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Why Is It a Problem?

Image by Ian Macharia
Fresh Cow Milk
Image by Rachel Lees

In 2018, WHO estimated that there were 143,000 new cases of ZTB in people and 12,300 deaths due to the disease. However, estimates of the global burden of zoonotic TB are imprecise. This is due to the lack of routine surveillance data from human and animal populations from most countries – in particular, countries where bovine TB is endemic and where laboratory capacity is limited. Cases of ZTB in people are uncommon in countries where bovine TB in cattle is controlled and where standards of food

safety are high.*


The implications of ZTB extend beyond human health. During 2017 to 2018, 188 countries and territories reported their status with regards to bovine TB to the World Organisation for Animal Health (WOAH). Of these, more than half reported the presence of the disease in livestock and/or wildlife, demonstrating its wide geographical spread. Bovine TB threatens the well-being of communities that rely on livestock for their livelihoods. The disease has an important economic impact through reduced meat and milk production, as well as condemnation of carcasses or affected parts that are unfit for human consumption. Bovine TB also creates barriers to the international trade of animals and animal products. When it becomes endemic in wildlife populations, this threatens conservation efforts and can serve as a reservoir of infection for livestock and people.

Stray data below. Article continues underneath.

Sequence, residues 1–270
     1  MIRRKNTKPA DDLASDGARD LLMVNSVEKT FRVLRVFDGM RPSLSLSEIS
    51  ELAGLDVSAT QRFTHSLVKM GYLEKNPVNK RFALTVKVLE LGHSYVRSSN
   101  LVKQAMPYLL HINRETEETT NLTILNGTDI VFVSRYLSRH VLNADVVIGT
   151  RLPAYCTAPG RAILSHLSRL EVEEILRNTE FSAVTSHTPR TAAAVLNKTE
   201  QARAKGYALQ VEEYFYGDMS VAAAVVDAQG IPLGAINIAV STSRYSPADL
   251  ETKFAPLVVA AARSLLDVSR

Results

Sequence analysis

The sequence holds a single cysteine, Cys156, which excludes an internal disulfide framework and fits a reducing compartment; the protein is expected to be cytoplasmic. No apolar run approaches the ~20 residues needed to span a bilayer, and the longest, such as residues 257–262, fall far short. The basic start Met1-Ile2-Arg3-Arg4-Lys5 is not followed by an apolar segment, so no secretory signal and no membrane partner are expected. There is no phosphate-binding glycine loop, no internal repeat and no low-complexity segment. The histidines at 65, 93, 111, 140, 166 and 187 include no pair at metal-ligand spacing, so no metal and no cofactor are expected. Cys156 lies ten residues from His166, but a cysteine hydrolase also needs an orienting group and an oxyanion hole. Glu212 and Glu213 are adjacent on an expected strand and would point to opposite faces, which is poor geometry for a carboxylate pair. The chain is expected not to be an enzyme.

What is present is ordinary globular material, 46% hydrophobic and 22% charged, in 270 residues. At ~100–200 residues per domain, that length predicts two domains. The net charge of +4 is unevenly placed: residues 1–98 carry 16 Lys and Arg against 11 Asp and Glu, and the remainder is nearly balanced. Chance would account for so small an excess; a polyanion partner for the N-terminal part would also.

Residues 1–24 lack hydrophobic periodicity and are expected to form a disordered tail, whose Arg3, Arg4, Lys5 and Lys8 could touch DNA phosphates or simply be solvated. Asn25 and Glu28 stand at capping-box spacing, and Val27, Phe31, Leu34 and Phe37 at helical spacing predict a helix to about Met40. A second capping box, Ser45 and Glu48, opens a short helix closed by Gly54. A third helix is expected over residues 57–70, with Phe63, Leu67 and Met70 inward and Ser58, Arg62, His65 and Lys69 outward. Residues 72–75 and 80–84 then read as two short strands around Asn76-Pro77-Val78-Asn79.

ZTB also poses challenges for effective antimicrobial treatment and recovery. M. bovis is naturally resistant to pyrazinamide, one of the four essential medications used in the current standard first-line anti-TB treatment regimen. As most healthcare providers initiate treatment without drug susceptibility testing results, people affected by ZTB may receive inadequate treatment. This may lead to poorer treatment outcomes and the development of further resistance to other anti-TB drugs. Resistance to additional drugs has also been detected in some M. bovis isolates, including rifampicin and isoniazid. Resistance to these two essential first-line medications is defined as multidrug-resistant TB (MDR-TB), which poses a major threat to human health globally. **

*   Global Tuberculosis Report 2019, World Health Organization (WHO), 2019

**  Roadmap for Zoonotic Tuberculosis, World Health Organization (WHO), Food and Agriculture Organization of the United Nations (FAO) and World Organisation for Animal Health (OIE), 2017

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